Political Entrepreneurs Need a New Teddy Bear

When my sister-in-law elegantly wrapped my Christmas gift, Doris Kearns Goodwin's The Bully Pulpit, did she know that Theodore Roosevelt is my favorite activist president? And when Goodwin began digging deeply into the power of presidential homiletics, did she know that a community of political entrepreneurs might consider her new book a brilliant meditation about one of our patron saints?

As Goodwin points out, Teddy Roosevelt transformed the American presidency, left us a prodigious canon of reflections and writings on a wide range of subjects and was the inspiration for the teddy bear. He was a big, creative leader -- full stop. Roosevelt left many reform examples to choose from, but the one I like best is his lifelong passion for preserving America's natural resources. This showed the height of his political entrepreneurship.

You could say that Teddy launched his first start-up as a boy. It was kind of a shoebox natural history museum consisting of artifacts gathered from the grounds of the family compound on Long Island. Roosevelt studied nature his whole life, logging his experiences with wildlife in a throng of notebooks. As he got older, he published article after article on the beauty of the land and creatures throughout the United States. In 1887, Roosevelt co-founded the "Boone and Crockett Club," banding together with other enlightened hunters to propagate a re-emerging and more muscular version of "conservationism."

For Roosevelt, conservation and game hunting were not only compatible; they were completely intertwined. Teddy absolutely partook of his share -- and loved it. The "Rough Rider" said once: "No, I'm not a good shot, but I shoot often."

Several years before becoming president, Roosevelt for the first time, visited the Dakota Badlands territory for a big game hunting expedition. He was venturing out to see with his own eyes if the once-prodigious herds of bison were indeed tragically thinned by constant recreational hunting, mining, town settlement and other man-made indicators of progress.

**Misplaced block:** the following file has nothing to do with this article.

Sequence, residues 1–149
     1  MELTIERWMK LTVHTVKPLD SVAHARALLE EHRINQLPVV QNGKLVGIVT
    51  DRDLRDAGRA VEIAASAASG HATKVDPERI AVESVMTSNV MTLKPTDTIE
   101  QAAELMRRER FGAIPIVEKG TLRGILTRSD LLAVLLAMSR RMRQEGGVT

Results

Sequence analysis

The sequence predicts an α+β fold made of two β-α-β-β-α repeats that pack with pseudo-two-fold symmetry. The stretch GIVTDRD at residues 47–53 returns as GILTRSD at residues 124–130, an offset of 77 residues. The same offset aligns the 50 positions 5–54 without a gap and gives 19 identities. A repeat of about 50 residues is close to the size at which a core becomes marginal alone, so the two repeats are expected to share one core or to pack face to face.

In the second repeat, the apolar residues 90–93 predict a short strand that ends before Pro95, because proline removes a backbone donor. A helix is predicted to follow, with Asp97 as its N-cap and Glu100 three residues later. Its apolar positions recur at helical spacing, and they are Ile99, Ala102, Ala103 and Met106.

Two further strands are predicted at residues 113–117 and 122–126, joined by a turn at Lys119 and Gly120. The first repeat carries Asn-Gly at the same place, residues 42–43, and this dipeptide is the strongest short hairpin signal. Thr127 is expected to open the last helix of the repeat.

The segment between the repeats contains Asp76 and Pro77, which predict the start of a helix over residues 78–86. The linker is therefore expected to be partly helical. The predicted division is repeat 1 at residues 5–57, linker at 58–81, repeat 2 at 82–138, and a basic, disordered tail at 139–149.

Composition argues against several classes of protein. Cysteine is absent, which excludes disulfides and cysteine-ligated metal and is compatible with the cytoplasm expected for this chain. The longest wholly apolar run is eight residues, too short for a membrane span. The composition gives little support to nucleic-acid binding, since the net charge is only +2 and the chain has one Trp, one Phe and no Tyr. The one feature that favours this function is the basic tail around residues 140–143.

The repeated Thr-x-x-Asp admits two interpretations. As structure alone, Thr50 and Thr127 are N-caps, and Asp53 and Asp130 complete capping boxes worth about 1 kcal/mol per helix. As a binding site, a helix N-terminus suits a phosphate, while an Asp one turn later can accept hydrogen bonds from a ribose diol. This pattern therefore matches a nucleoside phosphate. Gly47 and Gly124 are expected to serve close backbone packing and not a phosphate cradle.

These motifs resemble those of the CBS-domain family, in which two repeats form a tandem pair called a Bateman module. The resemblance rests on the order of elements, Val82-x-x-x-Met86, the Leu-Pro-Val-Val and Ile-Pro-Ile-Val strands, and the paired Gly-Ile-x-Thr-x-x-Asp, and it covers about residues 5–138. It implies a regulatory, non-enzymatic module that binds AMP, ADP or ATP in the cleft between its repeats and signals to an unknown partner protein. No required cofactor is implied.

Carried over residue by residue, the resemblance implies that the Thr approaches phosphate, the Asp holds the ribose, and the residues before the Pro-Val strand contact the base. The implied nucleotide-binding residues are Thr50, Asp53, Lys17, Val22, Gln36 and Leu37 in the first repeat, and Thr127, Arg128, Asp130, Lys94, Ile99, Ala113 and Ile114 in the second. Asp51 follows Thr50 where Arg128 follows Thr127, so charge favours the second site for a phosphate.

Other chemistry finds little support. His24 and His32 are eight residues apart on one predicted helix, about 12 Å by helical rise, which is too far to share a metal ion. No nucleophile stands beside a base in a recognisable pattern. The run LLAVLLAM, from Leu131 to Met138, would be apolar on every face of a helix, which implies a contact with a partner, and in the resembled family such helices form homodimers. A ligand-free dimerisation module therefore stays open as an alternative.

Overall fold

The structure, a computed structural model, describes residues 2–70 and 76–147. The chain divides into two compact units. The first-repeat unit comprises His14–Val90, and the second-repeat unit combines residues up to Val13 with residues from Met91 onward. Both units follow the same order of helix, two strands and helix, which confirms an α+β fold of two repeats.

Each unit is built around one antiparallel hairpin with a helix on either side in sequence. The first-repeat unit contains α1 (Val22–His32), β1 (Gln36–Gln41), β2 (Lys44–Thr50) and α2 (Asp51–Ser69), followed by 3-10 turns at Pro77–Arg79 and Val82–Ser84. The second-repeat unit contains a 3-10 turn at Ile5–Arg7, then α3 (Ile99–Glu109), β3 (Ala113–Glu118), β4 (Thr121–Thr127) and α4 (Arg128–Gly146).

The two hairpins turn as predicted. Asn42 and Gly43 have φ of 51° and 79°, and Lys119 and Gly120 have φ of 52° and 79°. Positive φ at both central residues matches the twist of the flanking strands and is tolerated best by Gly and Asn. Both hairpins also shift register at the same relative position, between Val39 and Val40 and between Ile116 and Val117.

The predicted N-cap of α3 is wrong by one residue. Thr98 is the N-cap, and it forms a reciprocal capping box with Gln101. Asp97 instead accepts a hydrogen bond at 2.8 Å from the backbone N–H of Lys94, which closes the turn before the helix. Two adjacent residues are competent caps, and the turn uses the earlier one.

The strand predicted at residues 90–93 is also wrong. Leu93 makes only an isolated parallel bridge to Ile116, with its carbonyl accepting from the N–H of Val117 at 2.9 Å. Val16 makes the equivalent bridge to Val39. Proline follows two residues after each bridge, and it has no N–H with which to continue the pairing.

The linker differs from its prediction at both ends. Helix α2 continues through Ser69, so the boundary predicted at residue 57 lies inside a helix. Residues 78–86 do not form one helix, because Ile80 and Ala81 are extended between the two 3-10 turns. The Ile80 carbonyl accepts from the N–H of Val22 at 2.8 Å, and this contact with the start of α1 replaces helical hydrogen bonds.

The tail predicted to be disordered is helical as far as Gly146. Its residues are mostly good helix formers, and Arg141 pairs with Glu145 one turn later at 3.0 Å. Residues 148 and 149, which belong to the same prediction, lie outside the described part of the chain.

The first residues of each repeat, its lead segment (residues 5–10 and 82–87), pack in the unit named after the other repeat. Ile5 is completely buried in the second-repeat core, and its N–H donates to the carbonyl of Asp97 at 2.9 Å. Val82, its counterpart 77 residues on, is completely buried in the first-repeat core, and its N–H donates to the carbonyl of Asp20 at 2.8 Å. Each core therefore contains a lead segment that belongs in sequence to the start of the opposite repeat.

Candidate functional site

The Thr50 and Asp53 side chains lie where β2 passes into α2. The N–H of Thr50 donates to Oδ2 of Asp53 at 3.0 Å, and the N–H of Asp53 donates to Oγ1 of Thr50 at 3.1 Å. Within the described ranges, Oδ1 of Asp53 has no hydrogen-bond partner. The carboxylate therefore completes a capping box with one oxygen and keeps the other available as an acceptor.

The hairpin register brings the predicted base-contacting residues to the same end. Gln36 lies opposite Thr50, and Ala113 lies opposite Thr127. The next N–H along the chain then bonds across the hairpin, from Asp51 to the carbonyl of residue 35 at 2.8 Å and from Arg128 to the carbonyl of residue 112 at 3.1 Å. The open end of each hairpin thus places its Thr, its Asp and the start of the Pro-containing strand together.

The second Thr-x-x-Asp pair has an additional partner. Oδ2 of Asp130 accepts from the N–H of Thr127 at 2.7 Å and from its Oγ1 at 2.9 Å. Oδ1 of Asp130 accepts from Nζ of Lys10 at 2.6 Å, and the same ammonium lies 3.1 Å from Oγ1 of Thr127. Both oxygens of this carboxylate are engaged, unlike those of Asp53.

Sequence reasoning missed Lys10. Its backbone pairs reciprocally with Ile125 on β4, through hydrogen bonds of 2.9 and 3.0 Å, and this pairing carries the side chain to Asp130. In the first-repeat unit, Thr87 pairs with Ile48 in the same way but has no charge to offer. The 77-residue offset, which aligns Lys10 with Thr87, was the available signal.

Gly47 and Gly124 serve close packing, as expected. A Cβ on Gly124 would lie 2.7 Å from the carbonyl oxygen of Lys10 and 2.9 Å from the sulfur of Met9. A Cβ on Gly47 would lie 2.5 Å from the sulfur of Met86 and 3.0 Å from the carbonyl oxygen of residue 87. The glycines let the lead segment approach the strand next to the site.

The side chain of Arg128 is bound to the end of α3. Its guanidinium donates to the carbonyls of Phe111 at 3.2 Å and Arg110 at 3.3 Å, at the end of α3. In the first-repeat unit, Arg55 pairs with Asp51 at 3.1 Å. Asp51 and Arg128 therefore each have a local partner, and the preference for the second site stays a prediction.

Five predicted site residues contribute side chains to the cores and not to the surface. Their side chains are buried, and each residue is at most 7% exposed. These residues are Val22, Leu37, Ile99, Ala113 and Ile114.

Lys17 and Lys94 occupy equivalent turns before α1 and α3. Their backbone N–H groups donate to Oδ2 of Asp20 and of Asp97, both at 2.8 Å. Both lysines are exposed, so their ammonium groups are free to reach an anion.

Back then, bison were valuable for lots of reasons. Their hides covered settlers and Native Americans from freezing temperatures out west. Bison horns became cups. Sinew made good rope, and hooves were melted into glue. Bison dung was burned for heat. And, let's face it, there was a deep thrill hunting giant buffalo with newly invented high-caliber rifles.

The American Bison Society reports there were once 25-30 million bison scattered throughout the American Plains. Between Lewis and Clark's famous expedition to Missouri in the early 1800s and 1883, when Teddy Roosevelt made his pilgrimage to the Dakotas, the Bison population dropped. Exponentially.

By 1820, bison were wiped out east of the Mississippi River. By 1889, one census puts the number of bison at 1,091. From more than 25 million to barely over a thousand in less than a century. And it was all our doing.

Faced with the prospect of a game-depleated American terrain, Teddy Roosevelt was not paralyzed into inaction or thinking that this was someone else's problem. He went out to observe the destruction for himself and moved decisively into action. Like King Conservation himself, Teddy badgered, cajoled and lobbied the Washington elite to focus on nature. He was instrumental in getting Congress to pass, and President Grover Cleveland to sign, the Lacey Act of 1894 preserving wildlife in Yellowstone National Park. As president, he really got going. Using the power of his bully pulpit and laws on the books, Teddy created the U.S. Forest Service, 150 national forests, five national parks and drafted a blueprint for the later formed National Park Service.

By the time he was done as president in 1909, Roosevelt had increased preserved land in the United States from 40 million acres to more than 200 million. Teddy modeled political entrepreneurship as both private citizen and as president.

2014 is the starting gun for the next presidential campaign cycle. Political entrepreneurs are observing this election fermentation extra-close. The next president must be loud enough to be heard above a social media cacophony and the grinding sound of Washington gridlock. Our not-so-secret wish is that the next president be an aggressive, committed political reformer. Whether emerging from the right or left, this man or woman should seek to pattern the creativity, drive, and entrepreneurial spirit of Teddy Roosevelt -- and be dedicated to moving beyond the petty incrementalism that currently grips Washington.

Between now and Election Day 2016, an army of creative political entrepreneurs is forming that can bring organization, funding, and implementation to a massive national reform agenda if laid out properly by the new president. And our promise to you Doris Kearns Goodwin is that we will bring more to the fight than just our teddy bears.